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Foundation Practices & Rehabilitation of Structures on Expansive Soils

Rama Subbarao G.V., Associate Professor, Department of Civil Engineering, S.R.K. Institute of Technology, Enikepadu, Vijayawada.

Expansive soils popularly known as Black cotton soils in India are highly problematic, as they swell on absorption of water and shrink on evaporation thereof. Because of this alternate swell and shrinkage, distress is caused to the foundations of structures laid on such soils. Extensive research is going on to find the solutions to black cotton soils. The present paper reviews innovative solutions along with conventional foundation practices to counteract the dual problem of swelling and shrinkage posed by expansive soils. Besides, the present paper throws a light on causes of distress in lightly loaded structures founded on expansive soils and also various measures to rehabilitate the distressed structure founded on them.

Introduction

Expansive soil is commonly known as black cotton soils, because of their color and their suitability for growing cotton. Black cotton soil is one of the major regional soil deposits in India, covering an area of about 3.0 lakh sq.km. Expansive soils are problematic soils because of their inherent potential to undergo volume changes corresponding to changes in the moisture regime. When they imbibe water during monsoon, they expand and on evaporation there of in summer, they shrink. Because of this alternate swelling and shrinkage, structures founded on them are severally damaged. The annul cost of damage to the civil engineering structures is estimated at £150 million in the UK, $1000 million in the USA and many billion of pounds worldwide (Gourley et al. 1993).

In India, black cotton soils have liquid limit values ranging from 50 to 100%, plasticity index ranging from 20 to 65% and shrinkage limit from 9 to 14%. The amount of swell generally increases with increase in the plasticity index. The swelling potential depends on the type of clay mineral, crystal lattice structure, cation exchange capacity, ability of water absorption, density and water content. Swell in the vertical direction is called heave. Among the illite, kaolinite and montmorillinite clay minerals, the montmorillinite possesses the greatest ability to swell by illite. The Kaolinite does not swell. Black cotton soils are very hard in dry state and possess high bearing capacity. In summer, it is very common to see shrinkage cracks with hexagonal columnar structure, with vertical cracks as wide as 10mm extending up to a depth of 3m or more. Soils containing expansive clays become very sticky when wet and usually are characterized by surface cracks or a “popcorn” texture (Fig.1) when dry. Therefore, the presence of surface cracks (Fig.2) is usually an indication of an expansive soil.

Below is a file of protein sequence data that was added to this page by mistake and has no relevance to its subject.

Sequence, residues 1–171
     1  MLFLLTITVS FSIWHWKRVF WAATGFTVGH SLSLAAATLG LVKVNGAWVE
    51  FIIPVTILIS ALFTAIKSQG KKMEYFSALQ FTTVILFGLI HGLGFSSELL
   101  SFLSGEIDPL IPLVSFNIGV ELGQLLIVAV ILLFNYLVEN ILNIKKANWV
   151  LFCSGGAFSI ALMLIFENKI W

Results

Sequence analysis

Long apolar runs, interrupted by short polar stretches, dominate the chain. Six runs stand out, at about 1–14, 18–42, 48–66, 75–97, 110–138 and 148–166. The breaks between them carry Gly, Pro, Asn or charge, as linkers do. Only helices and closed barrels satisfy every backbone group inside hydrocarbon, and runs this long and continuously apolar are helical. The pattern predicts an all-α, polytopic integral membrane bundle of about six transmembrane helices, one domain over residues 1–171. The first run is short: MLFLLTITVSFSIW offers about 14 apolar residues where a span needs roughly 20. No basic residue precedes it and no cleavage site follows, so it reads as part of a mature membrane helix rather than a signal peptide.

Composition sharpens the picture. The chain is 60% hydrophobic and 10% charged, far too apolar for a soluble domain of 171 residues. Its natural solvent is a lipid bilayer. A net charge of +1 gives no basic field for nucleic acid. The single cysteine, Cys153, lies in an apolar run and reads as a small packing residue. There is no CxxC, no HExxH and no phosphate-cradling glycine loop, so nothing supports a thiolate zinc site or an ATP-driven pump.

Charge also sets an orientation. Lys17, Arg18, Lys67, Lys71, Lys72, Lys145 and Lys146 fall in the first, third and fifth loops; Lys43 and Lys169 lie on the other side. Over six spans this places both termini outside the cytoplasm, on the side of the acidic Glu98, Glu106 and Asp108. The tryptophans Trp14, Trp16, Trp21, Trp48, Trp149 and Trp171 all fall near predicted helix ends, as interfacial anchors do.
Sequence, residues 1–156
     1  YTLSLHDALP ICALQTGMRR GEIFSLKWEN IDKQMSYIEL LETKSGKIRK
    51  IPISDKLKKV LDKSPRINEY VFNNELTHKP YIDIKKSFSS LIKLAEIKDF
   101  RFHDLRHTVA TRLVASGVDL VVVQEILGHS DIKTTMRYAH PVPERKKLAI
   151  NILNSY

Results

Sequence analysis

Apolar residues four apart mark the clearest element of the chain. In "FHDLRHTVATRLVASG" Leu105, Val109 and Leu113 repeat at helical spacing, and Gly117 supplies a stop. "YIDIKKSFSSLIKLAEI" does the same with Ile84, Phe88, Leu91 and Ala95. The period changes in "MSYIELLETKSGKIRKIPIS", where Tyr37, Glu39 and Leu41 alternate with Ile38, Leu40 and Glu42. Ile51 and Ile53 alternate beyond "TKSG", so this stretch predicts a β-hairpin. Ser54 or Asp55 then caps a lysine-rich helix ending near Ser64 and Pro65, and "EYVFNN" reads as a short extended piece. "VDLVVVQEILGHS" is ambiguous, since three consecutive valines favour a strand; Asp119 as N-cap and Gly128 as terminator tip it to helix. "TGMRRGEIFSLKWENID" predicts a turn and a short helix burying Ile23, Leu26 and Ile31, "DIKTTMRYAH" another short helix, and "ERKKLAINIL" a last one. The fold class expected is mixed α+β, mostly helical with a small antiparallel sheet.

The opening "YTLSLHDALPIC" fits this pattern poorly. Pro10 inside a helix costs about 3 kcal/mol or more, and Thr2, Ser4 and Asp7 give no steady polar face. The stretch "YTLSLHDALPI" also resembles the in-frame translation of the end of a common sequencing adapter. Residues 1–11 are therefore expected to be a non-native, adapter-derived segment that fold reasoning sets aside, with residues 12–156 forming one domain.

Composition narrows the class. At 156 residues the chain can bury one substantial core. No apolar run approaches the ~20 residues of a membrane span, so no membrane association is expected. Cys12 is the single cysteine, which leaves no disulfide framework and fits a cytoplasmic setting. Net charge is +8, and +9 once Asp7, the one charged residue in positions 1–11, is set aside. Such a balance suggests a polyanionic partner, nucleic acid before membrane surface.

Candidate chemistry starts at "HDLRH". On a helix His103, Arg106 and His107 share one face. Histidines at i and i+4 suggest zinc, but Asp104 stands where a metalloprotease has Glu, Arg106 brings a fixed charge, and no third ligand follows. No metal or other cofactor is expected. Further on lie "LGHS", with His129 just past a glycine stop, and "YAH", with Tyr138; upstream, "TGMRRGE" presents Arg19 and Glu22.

Expansive soil with popcorn texture Expansive soil showing cracks
Figure 1: Expansive soil with “popcorn” texture Figure 2: Expansive soil showing cracks

Problems With Expansive Soils

The problem is more in case of light structures; those cannot counteract the upward thrust posed by expansive soils. The damage will be apparent, usually, several years after construction. The soil below will exert swelling pressure both upwards and laterally. As a result, the floor slab is lifted up, leading to cracking of floor. Cracking is normally evident at the corners of window and door openings. These usually assume in the form of diagonal cracks-a consequence of differential settlement in the wall (Fig. 3 & 4). Often, utilities buried in soil as the water pipelines and sewage lines, get damaged due to displacement in the soil in which they are buried. The ensuing leakage further aggravate the situation. Roads that pass through expansive soil sub-grade are subjected to heaving and shrinkage settlement of these treacherous soils. Both the lined and unlined canals are subjected to the vagaries of expansive soils. The unlined canal slopes erode and become soft. Canal beds heave up obstructing the functioning of the canal. The concrete linings splinter like glass pieces on account of deleterious cyclic movement of background swelling clay. This heavy results in seepage losses.

Cracks in exterior walls Major cracks in exterior walls
Figure 3: Cracks in exterior walls, as a result of upward soil expansion Figure 4: Major cracks in exterior walls at doors and windows

Foundation Practices on Expansive Soils

The following conventional foundation practices and innovative techniques can provide solutions to problematic soils.

Sub excavating or replacing the Expansive Soil by Cushions

Expansive soil
Figure 5: Subexcavating or Replacing the Expansive Soil by Cushions